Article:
The CEO of the Beggars Group is set to swim the English Channel to raise money for musicians struggling because of the coronavirus.
Paul Redding will embark on the challenge in September, and hopes to raise £200,000, which will be split between the PRS Foundation (UK) and the Sweet Relief Musicians Fund (USA).
The fundraising page (which has already received nearly £30,000 in donations), says that Beggars themselves will donate £1,000 for every mile that Redding swims, and an extra £25,000 if he completes the challenge and makes it to France.
The Beggars Group encompasses the labels 4AD, Matador, XL and Rough Trade.
Next month, Paul Redding, the CEO of Beggars Group will take on the huge challenge of swimming across the English Channel for charity.
He aims to raise $ for two music charities…@PRSFoundation and @SweetRelief
Details and link to donate: https://t.co/tWhaiJifAJ
— Beggars Group (@beggarsgroup) August 18, 2020
As the page states, the money given to the PRS Foundation will “help them power up Black music creators and Black industry professionals through a large-scale program they will announce later this year,” while Sweet Relief’s money “will go directly to their Covid-19 Fund which provides much-needed financial support to US-based musicians and music industry workers affected by Coronavirus”.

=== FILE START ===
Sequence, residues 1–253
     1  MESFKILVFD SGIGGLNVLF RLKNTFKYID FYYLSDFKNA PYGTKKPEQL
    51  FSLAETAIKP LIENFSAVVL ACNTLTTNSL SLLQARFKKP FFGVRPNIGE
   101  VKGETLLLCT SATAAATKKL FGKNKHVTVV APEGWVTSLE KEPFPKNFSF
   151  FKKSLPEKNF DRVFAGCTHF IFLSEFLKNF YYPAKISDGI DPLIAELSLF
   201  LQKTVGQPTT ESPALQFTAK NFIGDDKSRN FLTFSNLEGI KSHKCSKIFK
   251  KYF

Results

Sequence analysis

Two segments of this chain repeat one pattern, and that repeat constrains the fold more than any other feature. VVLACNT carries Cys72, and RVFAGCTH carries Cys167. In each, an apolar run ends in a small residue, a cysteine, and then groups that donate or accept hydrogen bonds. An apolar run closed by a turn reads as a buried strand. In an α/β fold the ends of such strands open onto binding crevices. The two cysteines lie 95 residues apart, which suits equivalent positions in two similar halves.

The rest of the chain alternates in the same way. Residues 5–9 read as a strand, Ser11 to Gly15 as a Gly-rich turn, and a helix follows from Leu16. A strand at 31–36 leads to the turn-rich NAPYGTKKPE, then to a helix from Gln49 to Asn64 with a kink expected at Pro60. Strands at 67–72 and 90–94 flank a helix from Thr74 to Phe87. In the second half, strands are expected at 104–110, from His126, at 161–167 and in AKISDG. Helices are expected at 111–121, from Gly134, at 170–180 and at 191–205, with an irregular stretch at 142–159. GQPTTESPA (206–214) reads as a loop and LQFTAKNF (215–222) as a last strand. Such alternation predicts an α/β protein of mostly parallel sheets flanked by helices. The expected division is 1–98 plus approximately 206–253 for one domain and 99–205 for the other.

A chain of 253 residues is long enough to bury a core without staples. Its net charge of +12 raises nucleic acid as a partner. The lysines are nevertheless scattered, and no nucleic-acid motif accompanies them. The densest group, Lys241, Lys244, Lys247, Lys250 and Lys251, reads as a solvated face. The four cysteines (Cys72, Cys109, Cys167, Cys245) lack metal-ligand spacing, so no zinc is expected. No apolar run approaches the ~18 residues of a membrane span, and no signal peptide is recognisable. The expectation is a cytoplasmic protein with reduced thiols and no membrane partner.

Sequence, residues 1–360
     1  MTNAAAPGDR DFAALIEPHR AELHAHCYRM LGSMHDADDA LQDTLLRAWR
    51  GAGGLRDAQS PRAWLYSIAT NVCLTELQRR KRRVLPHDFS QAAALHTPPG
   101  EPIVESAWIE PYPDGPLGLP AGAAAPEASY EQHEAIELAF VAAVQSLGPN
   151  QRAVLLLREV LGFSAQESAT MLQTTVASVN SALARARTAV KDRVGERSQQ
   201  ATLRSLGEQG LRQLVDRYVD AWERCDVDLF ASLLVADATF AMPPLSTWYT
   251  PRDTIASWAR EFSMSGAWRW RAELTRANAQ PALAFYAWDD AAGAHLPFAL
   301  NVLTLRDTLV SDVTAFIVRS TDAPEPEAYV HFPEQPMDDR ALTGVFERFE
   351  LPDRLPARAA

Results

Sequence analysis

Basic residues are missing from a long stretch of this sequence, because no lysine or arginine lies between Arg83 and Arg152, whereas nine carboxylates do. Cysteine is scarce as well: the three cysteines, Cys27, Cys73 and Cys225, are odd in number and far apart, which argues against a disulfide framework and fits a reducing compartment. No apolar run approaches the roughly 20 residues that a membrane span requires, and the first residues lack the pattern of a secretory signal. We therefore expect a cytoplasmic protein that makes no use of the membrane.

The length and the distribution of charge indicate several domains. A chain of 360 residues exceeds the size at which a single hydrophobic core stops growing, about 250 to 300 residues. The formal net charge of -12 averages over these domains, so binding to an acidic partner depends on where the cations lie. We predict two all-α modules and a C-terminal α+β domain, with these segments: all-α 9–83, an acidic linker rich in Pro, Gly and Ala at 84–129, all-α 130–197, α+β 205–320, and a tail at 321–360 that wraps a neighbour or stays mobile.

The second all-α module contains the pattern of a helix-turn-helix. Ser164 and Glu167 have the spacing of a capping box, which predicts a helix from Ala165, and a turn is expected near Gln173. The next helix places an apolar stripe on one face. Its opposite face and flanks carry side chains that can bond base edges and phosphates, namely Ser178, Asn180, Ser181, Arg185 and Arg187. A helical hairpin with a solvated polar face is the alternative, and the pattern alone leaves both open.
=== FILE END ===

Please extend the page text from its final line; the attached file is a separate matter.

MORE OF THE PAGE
It continues: “The Channel challenge is the ultimate sponsored swim and a massive test of endurance. At a minimum 21 miles between the shores of England and France (the distance can be longer depending on the current), it is a marathon few have attempted and even fewer have been able to complete.
“We are inviting friends and colleagues from the creative industries to help him reach his target.”
This week, LCD Soundsystem’s James Murphy joined the fight to save independent venues in the US affected by the coronavirus.
The National Independent Venue Association are spearheading efforts to get the bipartisan Save Our Stages Act passed, which would create a $10billion (£7.5billion) small business association fund to help those small venues that are struggling or being threatened with closure due to the effects of the pandemic. Murphy calls the act “the least we can do as a group of people who take care of our own”.